Fred Diamond: Chris, how about you? Have you been directing things like this down the line?

Chris Krackeler: As Meg mentioned, this is one of the few areas I’ve been ahead of my time. I’ve been promoting the camera on for a while but jokes aside, I wouldn’t say we mandate it but I strongly encourage that you take advantage of video technology to connect with colleagues and with clients. Not only sales but business is about authenticity and connections and listening and understanding, video provides us a way to do that in a way that audio doesn’t and Fred, I know you’re great about pulling tips and tricks out of people and promoting that on the show. I think video is one, another one I learned from a colleague of mine this year, we were chatting and she said, “Chris, how are you?” “I’m fine” and I kind of jumped into things. She paused and she said, “No, really, Chris. How are you?”

It was a nice empathetic and relaxed way of getting me to exhale and come out of my busy persona and then give a more candid answer. I’m sure I said something in the effect of, “We’re all busy, we’re all challenged, this year has been hard but I’m doing okay.” This was my colleague Teri in marketing and I’ve tried to do that a little bit, just pause and say, “Meg, Fred, really, how are you?” It’s just another way to get people to exhale and connect and to make yourself vulnerable and approachable in the same way.

Fred Diamond: We have a quick question here that just came in from Gene, “Would you ask the same question to a prospect?” You have a lot of customers who’ve been using your software for a while and Meg, you gave some great answers before about how you quickly shift into getting them to get a lot more value. Meg, would you engage in that type of a conversation like Chris just talked about with either a prospect or a new customer? Just curiously, would you encourage the salespeople on your team to? We talked about empathy, it’s very easy to say, “How are you doing today?” It’s the 6th month of the pandemic and if you know somebody who has a couple young kids and you know that they’re teaching them you could always say, “How are you? That’s great” and it’s a difference to say, “No, really, how are you?” Would you encourage your salespeople to do that? Chris, I’m just curious if you would talk to customers the same way.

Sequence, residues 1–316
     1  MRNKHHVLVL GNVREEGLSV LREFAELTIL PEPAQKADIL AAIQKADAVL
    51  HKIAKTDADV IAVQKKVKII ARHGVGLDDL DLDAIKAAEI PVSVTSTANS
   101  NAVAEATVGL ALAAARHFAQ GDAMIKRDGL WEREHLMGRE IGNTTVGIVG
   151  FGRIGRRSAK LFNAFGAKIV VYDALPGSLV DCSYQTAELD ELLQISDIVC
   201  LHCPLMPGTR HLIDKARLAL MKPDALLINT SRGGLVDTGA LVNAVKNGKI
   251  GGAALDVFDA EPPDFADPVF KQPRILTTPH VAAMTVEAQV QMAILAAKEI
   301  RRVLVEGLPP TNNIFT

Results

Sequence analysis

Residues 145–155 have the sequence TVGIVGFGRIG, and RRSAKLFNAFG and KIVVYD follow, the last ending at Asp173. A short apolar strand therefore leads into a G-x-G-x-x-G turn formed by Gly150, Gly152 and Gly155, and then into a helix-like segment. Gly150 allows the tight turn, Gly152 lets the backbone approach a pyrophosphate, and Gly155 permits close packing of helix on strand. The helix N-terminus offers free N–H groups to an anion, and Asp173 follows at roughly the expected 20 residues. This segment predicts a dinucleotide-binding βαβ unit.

Meg Arnold: I think even a prospect I would definitely have some of that conversation, I don’t know if I’d say, “Really, how are you?” but I think I would say, “How has your business been going? How has this affected you personally?” I would do that and I would encourage my people to do that as well because again, this is the kind of talk you would be having if you were walking into a meeting and you’d have that chit-chat for the first 10 minutes or you’d all get to know each other. I think it’s the same on the phone and especially if you have the cameras on, one of the things that I’ve been surprised about, at first I’d have some calls with customers and they’d be a little more dressed up, it’s gotten to the point where everybody’s still in their workout clothes or those kind of things [laughs]. It’s much more casual and in some ways that’s really cool because that’s your life now, it’s just completely different. I would encourage that even with prospects. If they don’t respond or they don’t want to have that conversation, that’s fine but I think you’re asking them how they’re doing or how their business is doing, I think that’s totally appropriate.

Fred Diamond: I just want to comment to the people listening to this as a Sales Game Changers podcast, Chris and I are both wearing sport coats and you’re also wearing a very lovely blouse, so we didn’t show up to this in sport attire but I understand what you’re saying. It’s been an opportunity to build the relationships. I’m just curious here, a lot of people are posting on LinkedIn and a lot of people are finding out about today’s interview on LinkedIn so thank you. People are talking about being reflective, if you didn’t reflect in 2020 you’re probably never going to reflect a day in your life [laughs] but how have you both changed as leaders? Chris, when we first met you, you were a sales leader, you’ve risen up the ranks there to run a large part of the business. How do you think you both have changed as leaders over the last 9 months? Chris, why don’t you go first? Then Meg, I want to know your answer as well.